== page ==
Camila Domonoske

Updated at 11:40 a.m. ET

U.S. Secretary of State John Kerry has broken his leg in a bike crash outside of Geneva, the State Department has confirmed.

"Secretary Kerry broke his right femur in a bicycling accident this morning in Scionzier, France," State Department spokesman John Kirby says.

Updated at 7 p.m. EDT

Amtrak will be restoring rail service between Philadelphia and New York at 5:30 Monday morning, the rail service announced Sunday.

Service between the two cities had been shut down since Tuesday, when train 188 derailed in Philadelphia, killing eight and wounding more than 200.

The affected section of track is part of the Northeast Corridor — the busiest railroad in America.

American Pharoah is the king of the nation's horse races this month: in a driving rain, the Kentucky Derby winner took home top prize at the Preakness Stakes Saturday.

Ridden by Victor Espinoza, he left the other horses at Pimlico Race Course eating his mud; with an unofficial time of 1:58.46, he led by an impressive seven lengths.

If he can win the Belmont Stakes on June 6, he'll be the first Triple Crown winner since 1978.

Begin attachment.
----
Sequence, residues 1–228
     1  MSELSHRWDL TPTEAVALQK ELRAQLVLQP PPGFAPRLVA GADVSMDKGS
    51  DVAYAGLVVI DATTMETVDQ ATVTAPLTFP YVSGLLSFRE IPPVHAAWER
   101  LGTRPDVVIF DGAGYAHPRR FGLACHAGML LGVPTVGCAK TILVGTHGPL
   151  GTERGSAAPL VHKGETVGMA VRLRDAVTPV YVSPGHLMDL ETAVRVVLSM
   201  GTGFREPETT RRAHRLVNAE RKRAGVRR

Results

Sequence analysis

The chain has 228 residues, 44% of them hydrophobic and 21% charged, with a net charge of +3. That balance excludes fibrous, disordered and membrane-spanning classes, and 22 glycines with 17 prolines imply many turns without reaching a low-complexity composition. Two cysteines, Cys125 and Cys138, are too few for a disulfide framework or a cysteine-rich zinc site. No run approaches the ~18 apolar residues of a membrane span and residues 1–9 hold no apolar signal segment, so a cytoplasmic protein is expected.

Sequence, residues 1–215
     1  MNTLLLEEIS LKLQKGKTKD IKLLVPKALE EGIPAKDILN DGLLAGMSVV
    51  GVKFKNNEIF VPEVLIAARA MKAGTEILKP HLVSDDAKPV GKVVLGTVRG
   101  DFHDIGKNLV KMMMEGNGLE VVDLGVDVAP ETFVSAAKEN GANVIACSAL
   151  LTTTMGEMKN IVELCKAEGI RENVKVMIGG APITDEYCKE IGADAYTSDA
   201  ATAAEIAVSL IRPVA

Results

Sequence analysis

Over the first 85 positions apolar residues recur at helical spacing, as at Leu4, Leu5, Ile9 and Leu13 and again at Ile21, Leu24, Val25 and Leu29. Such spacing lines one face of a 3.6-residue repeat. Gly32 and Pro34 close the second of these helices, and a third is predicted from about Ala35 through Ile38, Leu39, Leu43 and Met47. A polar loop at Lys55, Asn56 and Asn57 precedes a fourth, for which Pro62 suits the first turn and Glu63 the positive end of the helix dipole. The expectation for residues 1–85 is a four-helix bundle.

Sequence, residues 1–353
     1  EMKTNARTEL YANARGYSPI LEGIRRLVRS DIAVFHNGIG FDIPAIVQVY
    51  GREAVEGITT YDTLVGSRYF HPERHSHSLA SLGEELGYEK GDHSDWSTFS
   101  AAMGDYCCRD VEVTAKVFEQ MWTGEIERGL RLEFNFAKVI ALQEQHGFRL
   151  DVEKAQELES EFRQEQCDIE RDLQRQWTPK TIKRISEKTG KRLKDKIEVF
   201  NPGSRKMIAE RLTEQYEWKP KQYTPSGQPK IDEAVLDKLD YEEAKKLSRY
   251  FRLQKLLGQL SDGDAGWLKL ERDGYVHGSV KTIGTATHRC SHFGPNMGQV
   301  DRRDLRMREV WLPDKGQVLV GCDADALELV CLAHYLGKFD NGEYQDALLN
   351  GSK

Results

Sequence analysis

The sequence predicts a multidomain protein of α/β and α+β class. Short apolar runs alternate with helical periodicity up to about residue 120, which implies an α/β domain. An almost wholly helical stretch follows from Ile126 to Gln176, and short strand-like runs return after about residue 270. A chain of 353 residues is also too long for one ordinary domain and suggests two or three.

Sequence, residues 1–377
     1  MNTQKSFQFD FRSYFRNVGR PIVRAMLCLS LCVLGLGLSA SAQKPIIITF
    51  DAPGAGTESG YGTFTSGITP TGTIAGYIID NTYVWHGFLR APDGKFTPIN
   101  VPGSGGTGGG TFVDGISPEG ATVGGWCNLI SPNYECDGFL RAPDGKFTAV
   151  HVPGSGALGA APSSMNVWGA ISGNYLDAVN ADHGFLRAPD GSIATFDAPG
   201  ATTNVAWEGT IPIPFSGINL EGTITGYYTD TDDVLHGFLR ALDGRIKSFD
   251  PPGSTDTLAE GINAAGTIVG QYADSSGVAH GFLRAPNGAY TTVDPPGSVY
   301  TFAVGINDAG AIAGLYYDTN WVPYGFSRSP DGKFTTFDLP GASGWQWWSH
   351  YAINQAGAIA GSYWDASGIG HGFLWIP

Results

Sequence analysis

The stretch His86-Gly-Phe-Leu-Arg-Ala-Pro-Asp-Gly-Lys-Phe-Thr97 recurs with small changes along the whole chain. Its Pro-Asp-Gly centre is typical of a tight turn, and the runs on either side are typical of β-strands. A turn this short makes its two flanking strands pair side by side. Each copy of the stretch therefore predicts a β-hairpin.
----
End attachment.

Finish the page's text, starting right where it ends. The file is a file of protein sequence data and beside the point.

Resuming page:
American Pharoah, ridden by Victor Espinoza, has won the 141st Kentucky Derby with a time of 2:03:02.

He raced to victory before the largest Derby crowd ever — 170,513, reports The Associated Press.

American Pharoah, owned by Ahmed Zayat, was the favorite heading into the race at Churchill Downs in Louisville. He had to fight Firing Line and Dortmund for the victory; the three were neck-and-neck (and neck) for a stretch, but American Pharoah pulled ahead at the end. Firing Line came in second.

Jordan Spieth, 21, has won the Masters with a record-tying score, 18 under par.

Spieth led from the first round of the tournament in Augusta, Ga. — a feat last achieved by Raymond Floyd in 1976.

On Sunday, reports the AP, no other contender truly threatened Spieth's dominance:

No one got closer than three shots of the lead all day. Spieth shot a 2-under 70 to hold off Justin Rose and Phil Mickelson.

Rose, the 2013 U.S. Open champion playing in the final group of the major for the first time, and Mickelson were four shots back.

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